"I don't want to lose focus on what we're doing right now," Childress said in response to said questioning. "And me thinking about that is us losing focus."
The other standout from the Oregon shellacking hasn't been in the spotlight much of his career but has arguably become an important role player for the Cardinal this season. That's right, Joe Kirchofer started for only the second time in his career, and posted his first double-double (13 points, 10 rebounds).
No, Rob Little didn't get injured, too. Kirchofer started as a ceremonial gesture by Montgomery-and things worked out better than the coach could even have imagined.
Especially when he was wrestling whether he'd let Kirchofer start at all.
Early in the week, Montgomery was concerned about sending Kirchofer the wrong message by letting him start and believing that his role off the bench wasn't important. Little, however, called his coach Friday and told him that Joe should start.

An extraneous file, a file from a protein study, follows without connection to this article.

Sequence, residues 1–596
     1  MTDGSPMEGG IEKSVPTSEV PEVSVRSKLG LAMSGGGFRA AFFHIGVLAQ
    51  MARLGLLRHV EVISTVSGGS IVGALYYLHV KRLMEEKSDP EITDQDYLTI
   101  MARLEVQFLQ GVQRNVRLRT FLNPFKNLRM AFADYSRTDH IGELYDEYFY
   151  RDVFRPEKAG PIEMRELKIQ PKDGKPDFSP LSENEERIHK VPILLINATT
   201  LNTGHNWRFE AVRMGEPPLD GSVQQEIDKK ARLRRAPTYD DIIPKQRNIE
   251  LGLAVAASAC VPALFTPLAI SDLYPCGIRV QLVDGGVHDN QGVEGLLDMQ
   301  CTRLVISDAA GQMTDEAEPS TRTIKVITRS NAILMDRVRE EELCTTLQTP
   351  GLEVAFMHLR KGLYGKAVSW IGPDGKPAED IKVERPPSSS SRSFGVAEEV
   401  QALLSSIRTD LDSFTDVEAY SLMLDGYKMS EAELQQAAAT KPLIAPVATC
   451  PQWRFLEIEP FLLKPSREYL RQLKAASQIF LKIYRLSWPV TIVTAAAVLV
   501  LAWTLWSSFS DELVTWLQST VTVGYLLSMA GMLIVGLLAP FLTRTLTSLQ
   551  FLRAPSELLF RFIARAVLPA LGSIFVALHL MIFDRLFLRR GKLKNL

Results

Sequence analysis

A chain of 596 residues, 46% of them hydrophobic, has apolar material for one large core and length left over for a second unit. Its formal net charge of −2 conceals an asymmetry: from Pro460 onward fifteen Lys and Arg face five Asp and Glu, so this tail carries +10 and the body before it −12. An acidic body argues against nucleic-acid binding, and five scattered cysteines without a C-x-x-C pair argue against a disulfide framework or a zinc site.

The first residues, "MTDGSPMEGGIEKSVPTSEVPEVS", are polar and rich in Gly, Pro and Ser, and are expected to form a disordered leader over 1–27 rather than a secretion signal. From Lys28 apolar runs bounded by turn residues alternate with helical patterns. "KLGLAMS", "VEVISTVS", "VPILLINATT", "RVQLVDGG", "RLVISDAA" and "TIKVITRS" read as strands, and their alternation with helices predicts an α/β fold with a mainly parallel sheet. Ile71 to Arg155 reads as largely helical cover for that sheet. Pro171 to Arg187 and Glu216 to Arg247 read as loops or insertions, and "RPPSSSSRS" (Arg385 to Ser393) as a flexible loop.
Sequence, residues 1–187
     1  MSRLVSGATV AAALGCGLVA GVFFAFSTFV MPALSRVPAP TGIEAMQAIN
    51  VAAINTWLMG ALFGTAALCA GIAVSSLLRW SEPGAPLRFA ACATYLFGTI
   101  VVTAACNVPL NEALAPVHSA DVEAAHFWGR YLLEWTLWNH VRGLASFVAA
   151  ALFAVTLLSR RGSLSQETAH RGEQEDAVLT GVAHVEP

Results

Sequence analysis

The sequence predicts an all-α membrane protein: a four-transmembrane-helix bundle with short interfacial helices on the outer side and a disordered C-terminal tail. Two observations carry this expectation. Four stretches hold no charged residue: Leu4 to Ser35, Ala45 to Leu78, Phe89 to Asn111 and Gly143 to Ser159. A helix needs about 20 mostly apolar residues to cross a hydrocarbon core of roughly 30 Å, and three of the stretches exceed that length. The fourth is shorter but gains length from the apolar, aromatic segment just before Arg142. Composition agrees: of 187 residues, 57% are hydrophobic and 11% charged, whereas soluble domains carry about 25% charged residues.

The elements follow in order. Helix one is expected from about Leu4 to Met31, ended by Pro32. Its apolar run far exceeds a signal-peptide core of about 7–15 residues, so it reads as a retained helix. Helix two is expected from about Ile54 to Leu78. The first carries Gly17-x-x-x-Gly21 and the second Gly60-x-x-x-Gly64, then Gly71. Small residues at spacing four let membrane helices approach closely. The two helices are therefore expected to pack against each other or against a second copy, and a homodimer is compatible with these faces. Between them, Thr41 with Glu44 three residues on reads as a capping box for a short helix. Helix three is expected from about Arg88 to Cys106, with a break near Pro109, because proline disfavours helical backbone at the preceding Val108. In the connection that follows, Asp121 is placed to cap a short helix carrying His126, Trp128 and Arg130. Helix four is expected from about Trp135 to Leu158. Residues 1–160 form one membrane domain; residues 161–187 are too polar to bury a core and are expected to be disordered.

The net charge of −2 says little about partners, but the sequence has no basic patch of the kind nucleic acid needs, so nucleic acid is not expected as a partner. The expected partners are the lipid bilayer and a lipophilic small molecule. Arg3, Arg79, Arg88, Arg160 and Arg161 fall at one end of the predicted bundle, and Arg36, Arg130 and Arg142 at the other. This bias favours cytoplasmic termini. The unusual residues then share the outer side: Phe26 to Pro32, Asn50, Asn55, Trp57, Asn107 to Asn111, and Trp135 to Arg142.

Later that day, Kirchofer, completely unaware of Little's phone call, approached Montgomery and told him that he'd be ready to do whatever was best for the team and encouraged Monty to start Little. That convinced the Stanford coach of his decision-and informed Kirchofer of the decision at Saturdays' pre-game shootaround.
"That speaks volumes about our basketball team and what's important," Montgomery explained.
Stanford has been extremely cautious and guarded with its collective emotions throughout the winning streak but finally found some time to celebrate after the last home game of the season.
First, the players donned hats and T-shirts commemorating Stanford's fourth Pac-10 title in six years. Then the spontaneous celebration broke out.